By Michael Mitchell

Today, in the criminal case of United States v. Doe, an unpublished per curiam opinion, the Fourth Circuit affirmed the decision of the District Court for the Western District of North Carolina, upholding the defendant’s conviction and sentence for possession of a firearm by a convicted felon.

Defendant Challenges District Court’s “Armed Career Criminal” Determination

The Fourth Circuit considered whether the district court erroneously determined that the defendant had at least three prior convictions for burglaries committed on different occasions, which would warrant an enhanced sentence under the Armed Career Criminal Act (“ACCA”).

Enhanced Sentence for Repeat Offender

The district court sentenced the defendant Lawrence Doe, Jr. to 180 months in prison after he pled guilty to possession of a firearm by a convicted felon in violation of 18 U.S.C. § 922(1)(g) (2012). In order to qualify for the ACCA, the defendant must have the requisite number of prior convictions. For burglaries, the defendant must have at least three prior convictions from separate and distinct incidents in order to receive a longer prison sentence.

District Court Has Discretion to Determine Qualification

Under Almendarez-Torres v. United States, the district court can determine whether a defendant’s prior conviction qualifies for the ACCA.  This determination does not need to be submitted to a jury nor proven beyond a reasonable doubt in order to meet the requirements for an increased sentence.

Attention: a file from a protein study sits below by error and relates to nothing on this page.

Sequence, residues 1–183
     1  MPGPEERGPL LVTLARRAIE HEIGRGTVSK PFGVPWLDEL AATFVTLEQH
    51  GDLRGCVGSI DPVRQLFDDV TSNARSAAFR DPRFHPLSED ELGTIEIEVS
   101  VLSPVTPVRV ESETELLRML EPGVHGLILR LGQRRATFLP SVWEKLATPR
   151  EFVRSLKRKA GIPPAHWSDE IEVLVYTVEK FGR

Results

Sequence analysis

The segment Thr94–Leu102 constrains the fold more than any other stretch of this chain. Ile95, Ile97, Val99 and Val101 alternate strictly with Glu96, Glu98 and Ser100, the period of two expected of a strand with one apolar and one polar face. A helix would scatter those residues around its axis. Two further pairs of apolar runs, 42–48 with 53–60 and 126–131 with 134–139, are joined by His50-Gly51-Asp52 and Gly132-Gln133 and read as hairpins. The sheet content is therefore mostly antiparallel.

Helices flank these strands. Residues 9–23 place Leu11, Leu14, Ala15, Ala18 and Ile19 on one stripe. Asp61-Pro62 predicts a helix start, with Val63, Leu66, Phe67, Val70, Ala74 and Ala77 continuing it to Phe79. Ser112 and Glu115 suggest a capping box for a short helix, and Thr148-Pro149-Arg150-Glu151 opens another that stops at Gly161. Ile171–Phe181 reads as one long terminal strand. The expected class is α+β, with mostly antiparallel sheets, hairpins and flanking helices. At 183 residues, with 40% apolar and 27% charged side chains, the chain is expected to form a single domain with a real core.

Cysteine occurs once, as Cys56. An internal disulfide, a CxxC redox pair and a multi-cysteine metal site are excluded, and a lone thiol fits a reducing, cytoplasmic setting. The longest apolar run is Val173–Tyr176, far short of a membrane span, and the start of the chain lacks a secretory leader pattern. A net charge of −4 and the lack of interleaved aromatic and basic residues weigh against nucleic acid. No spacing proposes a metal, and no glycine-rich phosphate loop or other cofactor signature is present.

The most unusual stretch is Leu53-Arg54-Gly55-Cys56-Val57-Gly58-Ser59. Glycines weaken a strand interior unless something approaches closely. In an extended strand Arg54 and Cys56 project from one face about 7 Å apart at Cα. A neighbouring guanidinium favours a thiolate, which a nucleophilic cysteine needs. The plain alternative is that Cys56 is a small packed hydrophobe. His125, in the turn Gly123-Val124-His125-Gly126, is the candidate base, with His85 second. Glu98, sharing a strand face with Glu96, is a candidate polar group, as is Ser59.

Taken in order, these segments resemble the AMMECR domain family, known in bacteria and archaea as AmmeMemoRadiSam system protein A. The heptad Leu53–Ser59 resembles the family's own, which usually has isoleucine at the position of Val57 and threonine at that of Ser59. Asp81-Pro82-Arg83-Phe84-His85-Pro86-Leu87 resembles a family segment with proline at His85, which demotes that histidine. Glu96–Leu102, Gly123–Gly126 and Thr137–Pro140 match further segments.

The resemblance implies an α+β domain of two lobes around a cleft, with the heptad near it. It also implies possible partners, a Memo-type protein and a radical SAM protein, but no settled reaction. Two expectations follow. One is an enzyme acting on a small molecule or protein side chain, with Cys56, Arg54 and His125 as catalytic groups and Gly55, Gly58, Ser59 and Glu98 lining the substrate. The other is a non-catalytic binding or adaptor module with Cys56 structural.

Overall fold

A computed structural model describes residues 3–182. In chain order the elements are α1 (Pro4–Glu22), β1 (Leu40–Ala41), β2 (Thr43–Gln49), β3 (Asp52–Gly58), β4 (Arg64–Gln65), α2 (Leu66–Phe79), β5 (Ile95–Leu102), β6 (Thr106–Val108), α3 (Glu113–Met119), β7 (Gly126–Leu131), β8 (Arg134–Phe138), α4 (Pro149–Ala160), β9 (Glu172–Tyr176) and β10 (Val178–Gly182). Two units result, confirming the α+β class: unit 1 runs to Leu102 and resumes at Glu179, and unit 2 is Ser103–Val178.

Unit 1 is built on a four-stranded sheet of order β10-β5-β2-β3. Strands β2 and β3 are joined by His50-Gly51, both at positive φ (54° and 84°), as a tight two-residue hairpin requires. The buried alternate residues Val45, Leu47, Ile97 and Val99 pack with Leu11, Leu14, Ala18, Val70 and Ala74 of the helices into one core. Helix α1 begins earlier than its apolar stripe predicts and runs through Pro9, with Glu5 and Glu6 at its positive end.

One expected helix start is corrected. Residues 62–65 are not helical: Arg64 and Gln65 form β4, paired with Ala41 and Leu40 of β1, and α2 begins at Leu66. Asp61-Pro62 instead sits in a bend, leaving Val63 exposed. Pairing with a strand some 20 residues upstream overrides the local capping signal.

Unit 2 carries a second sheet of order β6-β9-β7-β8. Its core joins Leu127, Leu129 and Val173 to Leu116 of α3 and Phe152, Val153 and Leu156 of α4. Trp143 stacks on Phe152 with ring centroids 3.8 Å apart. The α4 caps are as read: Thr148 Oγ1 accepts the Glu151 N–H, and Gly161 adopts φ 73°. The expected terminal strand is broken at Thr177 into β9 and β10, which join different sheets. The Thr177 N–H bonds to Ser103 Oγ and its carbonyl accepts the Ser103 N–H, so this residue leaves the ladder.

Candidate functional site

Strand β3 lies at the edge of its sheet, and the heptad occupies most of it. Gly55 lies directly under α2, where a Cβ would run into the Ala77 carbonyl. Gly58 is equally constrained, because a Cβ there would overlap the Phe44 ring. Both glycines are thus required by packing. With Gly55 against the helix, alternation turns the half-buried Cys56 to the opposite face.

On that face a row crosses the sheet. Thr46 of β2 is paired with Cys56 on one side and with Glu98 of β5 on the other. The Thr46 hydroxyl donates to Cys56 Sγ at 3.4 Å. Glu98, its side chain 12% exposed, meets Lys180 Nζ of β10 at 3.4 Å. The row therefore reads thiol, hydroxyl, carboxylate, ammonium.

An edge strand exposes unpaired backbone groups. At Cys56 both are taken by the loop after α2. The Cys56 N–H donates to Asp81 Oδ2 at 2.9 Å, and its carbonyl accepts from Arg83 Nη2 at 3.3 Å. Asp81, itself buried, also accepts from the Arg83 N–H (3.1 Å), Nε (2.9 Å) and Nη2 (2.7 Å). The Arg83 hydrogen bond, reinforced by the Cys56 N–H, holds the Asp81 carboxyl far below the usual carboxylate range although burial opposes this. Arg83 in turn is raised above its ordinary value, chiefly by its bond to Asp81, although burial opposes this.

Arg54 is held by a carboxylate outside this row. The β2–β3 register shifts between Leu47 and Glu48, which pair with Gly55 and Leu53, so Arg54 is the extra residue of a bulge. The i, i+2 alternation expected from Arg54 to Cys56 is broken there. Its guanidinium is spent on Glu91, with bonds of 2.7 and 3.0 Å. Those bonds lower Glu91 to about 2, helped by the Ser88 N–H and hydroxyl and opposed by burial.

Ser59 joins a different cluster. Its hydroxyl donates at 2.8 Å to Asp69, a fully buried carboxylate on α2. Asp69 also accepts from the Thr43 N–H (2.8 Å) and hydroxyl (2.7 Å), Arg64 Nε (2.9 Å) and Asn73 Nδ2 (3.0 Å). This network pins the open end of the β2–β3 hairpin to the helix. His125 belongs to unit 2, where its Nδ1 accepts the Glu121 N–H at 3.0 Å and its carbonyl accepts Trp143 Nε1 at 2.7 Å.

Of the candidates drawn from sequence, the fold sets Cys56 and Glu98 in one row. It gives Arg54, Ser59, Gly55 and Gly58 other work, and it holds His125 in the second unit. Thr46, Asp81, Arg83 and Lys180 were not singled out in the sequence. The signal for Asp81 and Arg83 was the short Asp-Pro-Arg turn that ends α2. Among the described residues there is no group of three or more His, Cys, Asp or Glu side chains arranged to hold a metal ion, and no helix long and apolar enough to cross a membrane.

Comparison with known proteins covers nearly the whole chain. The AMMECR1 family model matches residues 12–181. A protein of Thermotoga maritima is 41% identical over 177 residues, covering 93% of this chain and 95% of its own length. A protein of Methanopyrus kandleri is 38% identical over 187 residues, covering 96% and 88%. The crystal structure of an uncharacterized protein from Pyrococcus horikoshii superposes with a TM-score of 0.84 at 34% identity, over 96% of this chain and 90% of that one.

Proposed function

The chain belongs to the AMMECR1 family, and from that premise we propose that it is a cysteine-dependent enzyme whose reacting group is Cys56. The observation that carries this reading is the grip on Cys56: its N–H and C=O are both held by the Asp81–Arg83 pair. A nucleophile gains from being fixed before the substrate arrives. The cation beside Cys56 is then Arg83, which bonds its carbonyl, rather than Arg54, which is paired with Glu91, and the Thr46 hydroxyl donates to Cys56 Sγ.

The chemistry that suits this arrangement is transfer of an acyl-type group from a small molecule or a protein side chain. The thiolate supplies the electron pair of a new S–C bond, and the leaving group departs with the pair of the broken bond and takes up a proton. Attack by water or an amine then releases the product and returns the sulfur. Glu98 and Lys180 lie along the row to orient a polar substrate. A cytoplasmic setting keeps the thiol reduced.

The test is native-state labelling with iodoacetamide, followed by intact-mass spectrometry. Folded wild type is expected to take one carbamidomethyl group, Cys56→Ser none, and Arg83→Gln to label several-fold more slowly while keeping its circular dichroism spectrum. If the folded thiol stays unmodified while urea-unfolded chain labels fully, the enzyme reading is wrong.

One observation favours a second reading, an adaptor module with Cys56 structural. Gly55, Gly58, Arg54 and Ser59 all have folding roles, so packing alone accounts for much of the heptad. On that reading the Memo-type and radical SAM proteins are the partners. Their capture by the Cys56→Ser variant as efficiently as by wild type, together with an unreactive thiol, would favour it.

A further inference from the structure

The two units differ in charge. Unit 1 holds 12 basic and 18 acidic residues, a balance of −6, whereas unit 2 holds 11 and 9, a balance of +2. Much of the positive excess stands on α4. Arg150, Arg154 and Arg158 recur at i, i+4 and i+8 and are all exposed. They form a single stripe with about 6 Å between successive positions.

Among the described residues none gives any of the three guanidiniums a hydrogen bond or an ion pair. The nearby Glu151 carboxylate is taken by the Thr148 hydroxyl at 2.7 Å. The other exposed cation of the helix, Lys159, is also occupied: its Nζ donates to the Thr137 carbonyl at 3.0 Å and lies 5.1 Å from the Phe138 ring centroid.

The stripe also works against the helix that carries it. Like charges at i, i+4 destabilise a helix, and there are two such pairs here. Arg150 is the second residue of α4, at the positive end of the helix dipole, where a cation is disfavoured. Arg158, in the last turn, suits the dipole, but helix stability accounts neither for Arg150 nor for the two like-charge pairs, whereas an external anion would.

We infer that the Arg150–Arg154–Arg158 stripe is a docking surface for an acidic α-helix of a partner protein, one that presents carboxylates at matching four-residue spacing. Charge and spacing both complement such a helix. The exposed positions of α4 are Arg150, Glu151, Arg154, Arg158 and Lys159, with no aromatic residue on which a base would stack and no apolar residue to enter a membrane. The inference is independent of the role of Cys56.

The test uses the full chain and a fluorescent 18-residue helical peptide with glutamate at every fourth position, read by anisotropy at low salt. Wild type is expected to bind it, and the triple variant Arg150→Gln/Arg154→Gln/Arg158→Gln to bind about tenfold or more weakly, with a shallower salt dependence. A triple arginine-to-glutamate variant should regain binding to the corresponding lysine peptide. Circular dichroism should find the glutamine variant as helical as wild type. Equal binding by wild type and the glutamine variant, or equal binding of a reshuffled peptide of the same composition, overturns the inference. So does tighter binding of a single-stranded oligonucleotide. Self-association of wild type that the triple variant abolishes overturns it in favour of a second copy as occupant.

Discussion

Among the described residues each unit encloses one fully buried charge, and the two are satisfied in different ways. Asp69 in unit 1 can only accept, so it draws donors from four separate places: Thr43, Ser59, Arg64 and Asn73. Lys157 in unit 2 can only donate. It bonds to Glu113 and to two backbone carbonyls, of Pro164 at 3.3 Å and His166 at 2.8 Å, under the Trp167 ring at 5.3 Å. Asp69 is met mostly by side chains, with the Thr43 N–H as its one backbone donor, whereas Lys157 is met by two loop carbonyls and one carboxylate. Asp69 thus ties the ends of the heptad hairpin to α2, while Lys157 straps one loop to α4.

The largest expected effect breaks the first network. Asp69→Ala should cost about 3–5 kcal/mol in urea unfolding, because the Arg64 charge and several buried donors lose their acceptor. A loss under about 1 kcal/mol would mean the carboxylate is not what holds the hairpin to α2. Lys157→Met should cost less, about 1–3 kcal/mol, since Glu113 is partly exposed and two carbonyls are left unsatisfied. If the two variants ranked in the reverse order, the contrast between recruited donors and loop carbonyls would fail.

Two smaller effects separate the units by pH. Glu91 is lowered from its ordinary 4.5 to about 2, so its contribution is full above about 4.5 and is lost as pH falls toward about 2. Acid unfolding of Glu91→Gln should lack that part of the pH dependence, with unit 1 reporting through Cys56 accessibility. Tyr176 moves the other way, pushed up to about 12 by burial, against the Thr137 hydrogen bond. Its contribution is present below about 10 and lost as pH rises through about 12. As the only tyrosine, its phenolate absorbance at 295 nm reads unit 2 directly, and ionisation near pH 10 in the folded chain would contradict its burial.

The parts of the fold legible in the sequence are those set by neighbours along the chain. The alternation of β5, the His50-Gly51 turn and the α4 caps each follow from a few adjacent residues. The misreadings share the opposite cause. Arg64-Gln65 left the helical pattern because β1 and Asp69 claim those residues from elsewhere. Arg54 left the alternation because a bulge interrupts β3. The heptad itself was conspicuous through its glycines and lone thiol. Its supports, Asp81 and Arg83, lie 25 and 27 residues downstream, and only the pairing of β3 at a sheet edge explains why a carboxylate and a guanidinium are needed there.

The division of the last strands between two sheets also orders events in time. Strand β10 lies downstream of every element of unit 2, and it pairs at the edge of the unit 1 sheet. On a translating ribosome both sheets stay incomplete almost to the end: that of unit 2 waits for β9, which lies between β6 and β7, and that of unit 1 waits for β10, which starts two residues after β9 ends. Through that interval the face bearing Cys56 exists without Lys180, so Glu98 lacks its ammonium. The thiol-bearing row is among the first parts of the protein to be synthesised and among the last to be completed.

Three Prior Convictions Within District Court’s Discretion

The defendant argued that his prior convictions did not occur on three separate occasions to fall within the scope of the ACCA under Descamps v. United States. However, the court held that Almendaraz-Torres overruled this exception, finding that the district court had the discretion to determine that the defendant’s prior convictions qualified for enhanced sentencing as an armed career criminal without submitting the issue to a jury. The government’s burden of proof is not a preponderance of the evidence rather than beyond a reasonable doubt. Nonetheless, the Fourth Circuit also found that the defendant had “at least three qualifying convictions that occurred on different occasions and arose out of separate and distinct criminal episodes” sufficient to warrant an enhanced sentence under the ACCA.

District Court’s Determination Affirmed by Fourth Circuit

The Fourth Circuit affirmed the district court’s judgment upholding the defendant’s conviction and 180-month sentence as an armed career criminal under the ACCA.